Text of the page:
USDA Restricts PACA Violators in Florida, Michigan, and Texas from Operating in the Produce Industry
WASHINGTON, DC - As part of its efforts to enforce the Perishable Agricultural Commodities Act (PACA) and ensure fair trading practices within the U.S. produce industry, the Department of Agriculture (USDA) has restricted three produce businesses, imposing sanctions after each company failed to meet their contractual obligations to produce sellers and pay reparation awards issued under the PACA.
Direct from the USDA Agricultural Marketing Service:
These sanctions include suspending the businesses’ PACA licenses and barring the principal operators of the businesses from engaging in PACA-licensed business or other activities without approval from USDA. By issuing these penalties, USDA continues to enforce the prompt and full payment for produce while protecting the rights of sellers and buyers in the marketplace.
The following businesses and individuals are currently restricted from operating in the produce industry:
- Farm Fresh Packers LLC, operating out of Pompano Beach, Florida, for failing to pay a $120,947 award in favor of a North Carolina seller. As of the issuance date of the reparation order, Miranda M. Pfaff was listed as a member of the business. Another principal of the business at the time of the order was Jeff Pfaff. He has challenged his responsibly connected status.
- Ciaccio Produce Company LLC, operating out of Brighton, Michigan, for failing to pay a $29,447 award in favor of a Michigan seller. As of the issuance date of the reparation order, Anthony S. Gelardi III was listed as a member of the business.
- Martinez Fresh Produce LLC, operating out of Dallas, Texas, for failing to pay a $24,669 award in favor of an Arizona seller. As of the issuance date of the reparation order, Arturo Martinez Isguerra was listed as a member of the business.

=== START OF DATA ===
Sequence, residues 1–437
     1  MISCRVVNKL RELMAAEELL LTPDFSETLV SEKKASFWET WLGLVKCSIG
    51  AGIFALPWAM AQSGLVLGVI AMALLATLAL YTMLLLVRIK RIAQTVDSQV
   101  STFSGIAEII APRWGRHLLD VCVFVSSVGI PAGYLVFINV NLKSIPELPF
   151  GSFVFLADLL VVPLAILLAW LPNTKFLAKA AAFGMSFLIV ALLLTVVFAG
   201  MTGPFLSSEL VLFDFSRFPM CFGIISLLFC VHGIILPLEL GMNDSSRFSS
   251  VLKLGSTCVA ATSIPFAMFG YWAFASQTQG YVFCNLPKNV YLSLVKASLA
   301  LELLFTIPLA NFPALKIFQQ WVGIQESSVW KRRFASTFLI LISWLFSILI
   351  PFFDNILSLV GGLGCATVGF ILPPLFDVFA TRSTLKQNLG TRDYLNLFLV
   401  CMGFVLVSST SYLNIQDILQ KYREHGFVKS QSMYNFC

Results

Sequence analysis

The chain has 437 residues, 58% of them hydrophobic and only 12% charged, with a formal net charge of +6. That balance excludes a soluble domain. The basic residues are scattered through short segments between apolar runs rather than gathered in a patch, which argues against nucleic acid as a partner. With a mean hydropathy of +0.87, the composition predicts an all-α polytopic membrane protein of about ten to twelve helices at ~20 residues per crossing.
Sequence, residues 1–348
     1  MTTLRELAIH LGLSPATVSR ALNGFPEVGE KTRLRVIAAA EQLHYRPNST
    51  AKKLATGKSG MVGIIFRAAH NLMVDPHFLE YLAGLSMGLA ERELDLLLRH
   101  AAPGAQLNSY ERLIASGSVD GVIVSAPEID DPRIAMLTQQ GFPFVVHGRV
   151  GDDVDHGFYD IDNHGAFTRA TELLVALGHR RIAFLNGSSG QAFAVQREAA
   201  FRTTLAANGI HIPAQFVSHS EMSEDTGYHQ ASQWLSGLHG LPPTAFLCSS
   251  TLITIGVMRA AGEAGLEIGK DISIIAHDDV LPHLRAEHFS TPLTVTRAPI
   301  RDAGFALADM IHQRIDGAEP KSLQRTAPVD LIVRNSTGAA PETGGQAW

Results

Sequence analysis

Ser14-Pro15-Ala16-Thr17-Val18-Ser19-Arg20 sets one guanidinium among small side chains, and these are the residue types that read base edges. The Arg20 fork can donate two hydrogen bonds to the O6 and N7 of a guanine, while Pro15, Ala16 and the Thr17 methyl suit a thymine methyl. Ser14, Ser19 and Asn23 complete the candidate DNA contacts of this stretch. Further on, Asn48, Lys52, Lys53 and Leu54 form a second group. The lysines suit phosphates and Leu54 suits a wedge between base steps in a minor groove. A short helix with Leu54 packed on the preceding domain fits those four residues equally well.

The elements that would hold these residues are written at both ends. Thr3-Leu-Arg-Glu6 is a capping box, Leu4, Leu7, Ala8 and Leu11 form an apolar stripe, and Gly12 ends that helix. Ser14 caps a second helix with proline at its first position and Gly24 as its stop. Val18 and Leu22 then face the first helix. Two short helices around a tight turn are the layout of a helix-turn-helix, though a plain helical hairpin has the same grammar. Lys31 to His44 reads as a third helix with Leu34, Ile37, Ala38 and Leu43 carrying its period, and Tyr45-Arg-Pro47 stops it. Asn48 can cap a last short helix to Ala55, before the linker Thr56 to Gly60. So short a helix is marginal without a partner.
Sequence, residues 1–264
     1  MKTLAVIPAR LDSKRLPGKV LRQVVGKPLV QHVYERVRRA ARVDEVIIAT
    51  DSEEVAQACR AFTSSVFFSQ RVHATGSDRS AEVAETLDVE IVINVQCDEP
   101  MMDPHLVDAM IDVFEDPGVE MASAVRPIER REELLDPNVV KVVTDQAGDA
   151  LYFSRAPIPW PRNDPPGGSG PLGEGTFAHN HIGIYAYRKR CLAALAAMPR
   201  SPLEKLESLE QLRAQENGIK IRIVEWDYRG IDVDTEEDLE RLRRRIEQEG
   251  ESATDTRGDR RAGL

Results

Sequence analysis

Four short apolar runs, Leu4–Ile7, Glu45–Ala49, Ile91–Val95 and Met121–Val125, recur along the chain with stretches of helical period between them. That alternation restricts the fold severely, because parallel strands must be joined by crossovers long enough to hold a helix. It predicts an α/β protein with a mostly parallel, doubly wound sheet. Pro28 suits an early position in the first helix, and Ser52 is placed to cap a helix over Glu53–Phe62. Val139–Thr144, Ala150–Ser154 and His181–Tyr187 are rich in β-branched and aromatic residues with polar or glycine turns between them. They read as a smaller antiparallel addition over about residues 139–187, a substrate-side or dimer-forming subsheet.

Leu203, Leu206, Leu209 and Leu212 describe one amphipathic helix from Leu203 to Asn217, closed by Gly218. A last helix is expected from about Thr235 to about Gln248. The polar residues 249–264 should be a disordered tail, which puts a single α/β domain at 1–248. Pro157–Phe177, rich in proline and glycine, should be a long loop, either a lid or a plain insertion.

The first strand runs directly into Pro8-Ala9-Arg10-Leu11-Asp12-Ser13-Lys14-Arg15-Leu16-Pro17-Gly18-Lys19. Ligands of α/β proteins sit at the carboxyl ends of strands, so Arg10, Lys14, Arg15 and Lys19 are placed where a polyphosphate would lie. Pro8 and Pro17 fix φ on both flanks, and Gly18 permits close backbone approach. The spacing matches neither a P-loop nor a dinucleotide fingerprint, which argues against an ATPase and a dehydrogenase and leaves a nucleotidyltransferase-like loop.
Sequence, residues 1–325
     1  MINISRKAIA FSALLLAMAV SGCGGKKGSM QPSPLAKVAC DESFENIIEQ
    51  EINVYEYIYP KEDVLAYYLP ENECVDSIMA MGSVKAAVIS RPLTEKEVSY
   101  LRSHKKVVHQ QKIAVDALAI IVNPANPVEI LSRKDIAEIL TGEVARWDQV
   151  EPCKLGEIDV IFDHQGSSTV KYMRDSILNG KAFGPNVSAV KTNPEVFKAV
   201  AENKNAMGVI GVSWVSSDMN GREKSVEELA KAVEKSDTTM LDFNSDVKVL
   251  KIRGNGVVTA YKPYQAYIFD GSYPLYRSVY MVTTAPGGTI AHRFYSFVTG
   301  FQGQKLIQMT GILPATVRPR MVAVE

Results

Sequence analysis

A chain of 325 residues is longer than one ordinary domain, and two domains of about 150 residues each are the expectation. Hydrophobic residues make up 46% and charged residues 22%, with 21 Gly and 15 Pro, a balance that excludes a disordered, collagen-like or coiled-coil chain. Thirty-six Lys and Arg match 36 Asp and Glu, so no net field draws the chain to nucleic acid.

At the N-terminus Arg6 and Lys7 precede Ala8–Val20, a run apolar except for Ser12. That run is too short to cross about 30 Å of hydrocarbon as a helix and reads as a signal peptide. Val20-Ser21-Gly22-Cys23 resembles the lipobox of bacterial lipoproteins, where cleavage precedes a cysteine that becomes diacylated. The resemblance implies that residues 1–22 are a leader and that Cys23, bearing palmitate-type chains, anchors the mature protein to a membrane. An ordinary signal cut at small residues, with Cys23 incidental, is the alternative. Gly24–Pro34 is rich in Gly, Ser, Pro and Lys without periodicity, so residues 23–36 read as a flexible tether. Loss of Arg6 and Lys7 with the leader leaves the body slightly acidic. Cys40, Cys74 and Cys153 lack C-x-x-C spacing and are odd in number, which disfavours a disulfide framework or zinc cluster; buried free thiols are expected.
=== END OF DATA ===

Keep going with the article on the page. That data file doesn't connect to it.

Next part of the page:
PACA provides an administrative forum to handle disputes involving produce transactions; this may result in USDA’s issuance of a reparation order that requires damages to be paid by those not meeting their contractual obligations in buying and selling fresh and frozen fruits and vegetables. USDA is required to suspend the license or impose sanctions on an unlicensed business that fails to pay PACA reparations awarded against it as well as impose restrictions against those principals determined to be responsibly connected to the business when the order is issued. Those individuals, including sole proprietors, partners, members, managers, officers, directors, or major stockholders, may not be employed by or affiliated with any PACA licensee without USDA approval.
The PACA Division, which is in the Fair Trade Practices Program in the Agricultural Marketing Service, regulates fair trading practices of produce businesses that are operating subject to PACA, including buyers, sellers, commission merchants, dealers, and brokers within the fruit and vegetable industry.
In the past three years, USDA resolved approximately 3,500 PACA claims involving more than $58 million. PACA staff also assisted more than 7,800 callers with issues valued at approximately $148 million. These are just two examples of how USDA continues to support the fruit and vegetable industry.
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